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From Descartes to Wittgenstein: A Short History of Modern Philosophy (Harper colophon books) Paperback – November, 1982

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Paperback, November, 1982
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Product Details

  • Series: Harper colophon books
  • Paperback: 298 pages
  • Publisher: Harpercollins (November 1982)
  • Language: English
  • ISBN-10: 0060909315
  • ISBN-13: 978-0060909314
  • Product Dimensions: 7.9 x 5.3 x 0.6 inches
  • Shipping Weight: 10.4 ounces
  • Average Customer Review: 4.0 out of 5 stars  See all reviews (1 customer review)
  • Amazon Best Sellers Rank: #4,596,677 in Books (See Top 100 in Books)

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By Nova137 on March 2, 2009
Format: Paperback
Covering such greats as Descartes, Leibniz, Kant, Hegel, Hume, Locke, Frege, and Wittgenstein, this book hits the highlights of such movements as Rationalism, Empiricism, Transcendental Idealism as well as finishing up with the Tractatus.

Let us start at the end:

The whole modern conception of the world is founded on the illusion that the so-called laws of nature are the explanations of natural phenomena.
Thus people today stop at the laws of nature, treating them as something inviolable, just as God and Fate were treated in past ages. And in fact both were right and both wrong; though the view of the ancients is clearer insofar as they have an acknowledged terminus, while the modern system tries to make it look as if everything were explained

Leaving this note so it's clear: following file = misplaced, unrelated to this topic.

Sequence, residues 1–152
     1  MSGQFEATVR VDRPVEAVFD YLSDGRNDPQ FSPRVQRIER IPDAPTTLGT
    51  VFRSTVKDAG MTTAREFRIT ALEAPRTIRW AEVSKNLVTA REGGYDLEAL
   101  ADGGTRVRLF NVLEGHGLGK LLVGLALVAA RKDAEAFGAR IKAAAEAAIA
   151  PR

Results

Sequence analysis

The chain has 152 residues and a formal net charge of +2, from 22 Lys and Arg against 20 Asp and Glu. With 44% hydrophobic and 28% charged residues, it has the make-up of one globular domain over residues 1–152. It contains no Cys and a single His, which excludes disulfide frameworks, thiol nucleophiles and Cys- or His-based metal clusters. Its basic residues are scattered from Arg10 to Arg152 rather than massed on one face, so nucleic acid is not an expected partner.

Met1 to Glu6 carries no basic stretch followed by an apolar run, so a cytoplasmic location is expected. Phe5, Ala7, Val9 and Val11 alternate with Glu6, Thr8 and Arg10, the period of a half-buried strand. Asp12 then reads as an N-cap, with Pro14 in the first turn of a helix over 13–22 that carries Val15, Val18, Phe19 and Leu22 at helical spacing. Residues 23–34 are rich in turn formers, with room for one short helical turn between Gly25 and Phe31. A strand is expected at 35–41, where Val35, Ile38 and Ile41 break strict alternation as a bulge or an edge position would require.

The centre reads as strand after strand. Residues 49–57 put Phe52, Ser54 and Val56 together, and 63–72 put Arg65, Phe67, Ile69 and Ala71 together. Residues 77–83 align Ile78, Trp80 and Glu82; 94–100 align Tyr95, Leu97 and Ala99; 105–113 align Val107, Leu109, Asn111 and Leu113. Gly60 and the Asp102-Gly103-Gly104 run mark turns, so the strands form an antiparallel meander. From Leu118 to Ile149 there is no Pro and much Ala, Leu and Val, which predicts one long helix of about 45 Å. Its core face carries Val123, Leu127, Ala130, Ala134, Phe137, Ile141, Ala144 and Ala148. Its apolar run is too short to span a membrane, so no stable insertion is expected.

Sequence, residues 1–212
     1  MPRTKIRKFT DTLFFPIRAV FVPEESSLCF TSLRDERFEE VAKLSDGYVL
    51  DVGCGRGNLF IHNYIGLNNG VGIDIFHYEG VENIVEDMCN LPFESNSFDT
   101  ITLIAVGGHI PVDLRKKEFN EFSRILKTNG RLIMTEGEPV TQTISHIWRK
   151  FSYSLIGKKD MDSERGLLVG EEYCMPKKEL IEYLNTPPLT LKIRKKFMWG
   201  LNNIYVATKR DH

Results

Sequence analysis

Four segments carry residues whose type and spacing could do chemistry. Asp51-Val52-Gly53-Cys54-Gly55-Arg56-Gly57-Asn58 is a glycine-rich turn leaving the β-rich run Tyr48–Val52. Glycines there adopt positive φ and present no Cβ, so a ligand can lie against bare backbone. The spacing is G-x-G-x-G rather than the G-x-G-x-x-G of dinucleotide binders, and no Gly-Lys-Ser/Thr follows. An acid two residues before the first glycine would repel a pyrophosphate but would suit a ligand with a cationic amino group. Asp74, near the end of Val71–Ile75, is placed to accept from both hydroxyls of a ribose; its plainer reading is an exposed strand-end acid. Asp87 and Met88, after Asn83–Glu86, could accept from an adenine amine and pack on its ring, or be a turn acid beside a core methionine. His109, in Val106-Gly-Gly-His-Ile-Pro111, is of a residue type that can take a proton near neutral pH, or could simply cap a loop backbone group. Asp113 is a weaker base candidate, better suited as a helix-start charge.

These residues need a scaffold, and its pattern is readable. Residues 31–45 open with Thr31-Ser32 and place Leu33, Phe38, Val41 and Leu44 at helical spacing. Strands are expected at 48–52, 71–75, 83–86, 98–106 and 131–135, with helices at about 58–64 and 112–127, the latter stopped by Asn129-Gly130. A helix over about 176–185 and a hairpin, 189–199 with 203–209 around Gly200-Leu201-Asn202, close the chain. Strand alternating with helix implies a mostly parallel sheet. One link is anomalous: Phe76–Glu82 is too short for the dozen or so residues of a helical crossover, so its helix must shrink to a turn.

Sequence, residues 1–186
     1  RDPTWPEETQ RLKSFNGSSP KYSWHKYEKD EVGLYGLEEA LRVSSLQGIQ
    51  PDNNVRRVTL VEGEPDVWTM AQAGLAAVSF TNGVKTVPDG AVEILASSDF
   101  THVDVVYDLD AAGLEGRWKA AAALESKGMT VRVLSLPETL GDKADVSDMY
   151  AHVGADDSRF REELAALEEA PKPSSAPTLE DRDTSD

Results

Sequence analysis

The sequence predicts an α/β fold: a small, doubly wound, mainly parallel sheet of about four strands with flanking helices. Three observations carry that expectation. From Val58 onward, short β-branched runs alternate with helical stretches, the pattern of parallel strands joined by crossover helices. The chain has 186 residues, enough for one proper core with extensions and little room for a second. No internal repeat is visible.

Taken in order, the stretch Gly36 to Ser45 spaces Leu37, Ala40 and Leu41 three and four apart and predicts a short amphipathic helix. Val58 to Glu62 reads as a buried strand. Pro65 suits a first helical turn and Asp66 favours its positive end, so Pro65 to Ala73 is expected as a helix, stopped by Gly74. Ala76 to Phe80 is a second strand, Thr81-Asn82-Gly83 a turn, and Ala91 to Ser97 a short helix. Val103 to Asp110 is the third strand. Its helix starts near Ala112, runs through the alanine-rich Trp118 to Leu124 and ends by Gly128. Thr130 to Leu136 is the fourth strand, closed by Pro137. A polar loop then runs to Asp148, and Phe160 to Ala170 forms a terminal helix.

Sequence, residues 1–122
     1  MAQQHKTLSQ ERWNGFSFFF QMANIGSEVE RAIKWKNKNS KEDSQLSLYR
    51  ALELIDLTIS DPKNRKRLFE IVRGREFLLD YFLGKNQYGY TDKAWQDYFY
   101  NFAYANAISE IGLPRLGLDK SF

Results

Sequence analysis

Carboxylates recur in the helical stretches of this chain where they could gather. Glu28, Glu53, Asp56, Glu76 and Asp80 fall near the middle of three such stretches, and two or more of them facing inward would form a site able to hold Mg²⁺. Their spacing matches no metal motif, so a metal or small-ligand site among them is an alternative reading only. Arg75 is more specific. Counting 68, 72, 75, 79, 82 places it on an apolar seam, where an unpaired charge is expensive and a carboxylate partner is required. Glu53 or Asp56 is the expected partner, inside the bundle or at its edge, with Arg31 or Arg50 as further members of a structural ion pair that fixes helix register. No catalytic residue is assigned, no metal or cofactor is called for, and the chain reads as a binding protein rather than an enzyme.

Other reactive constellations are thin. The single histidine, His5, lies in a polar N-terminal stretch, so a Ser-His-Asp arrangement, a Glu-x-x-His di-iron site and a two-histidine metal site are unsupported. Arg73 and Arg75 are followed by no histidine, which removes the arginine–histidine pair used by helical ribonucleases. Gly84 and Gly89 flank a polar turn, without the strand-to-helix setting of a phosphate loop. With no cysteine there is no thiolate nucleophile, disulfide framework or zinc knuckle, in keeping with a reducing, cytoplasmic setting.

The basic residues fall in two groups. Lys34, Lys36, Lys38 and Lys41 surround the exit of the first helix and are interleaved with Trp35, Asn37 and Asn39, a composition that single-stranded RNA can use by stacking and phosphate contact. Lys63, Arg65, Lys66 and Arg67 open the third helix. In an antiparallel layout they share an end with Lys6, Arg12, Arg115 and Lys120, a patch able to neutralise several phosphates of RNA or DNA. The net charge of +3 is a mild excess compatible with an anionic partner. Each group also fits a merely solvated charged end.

— Wittgenstein, Tractatus, 6.371-2

Here is the author on confining the discussion to post-Renaissance philosophy:

"In the first chapter I explain why I confine my discussion for the most part to the leading figures of post-Renaissance philosophy, and why my methods differ from those of the historian of ideas. My concern is to describe the content of philosophical conclusions and arguments, and not the contexts in which they occurred or the influences which led to them. Those with an interest in the history of ideas will wish to go back over the ground covered by this book and to explore the historical conditions from which the arguments grew, and the currents of influence which led from Hobbes to Spinoza, from Malebranche to Berkeley, from Rousseau to Kant, and from Schopenhauer to Wittgenstein. The classifications of schools and arguments that I have adopted may then begin to appear, if not arbitrary, at least very much matters of philosophical convenience.
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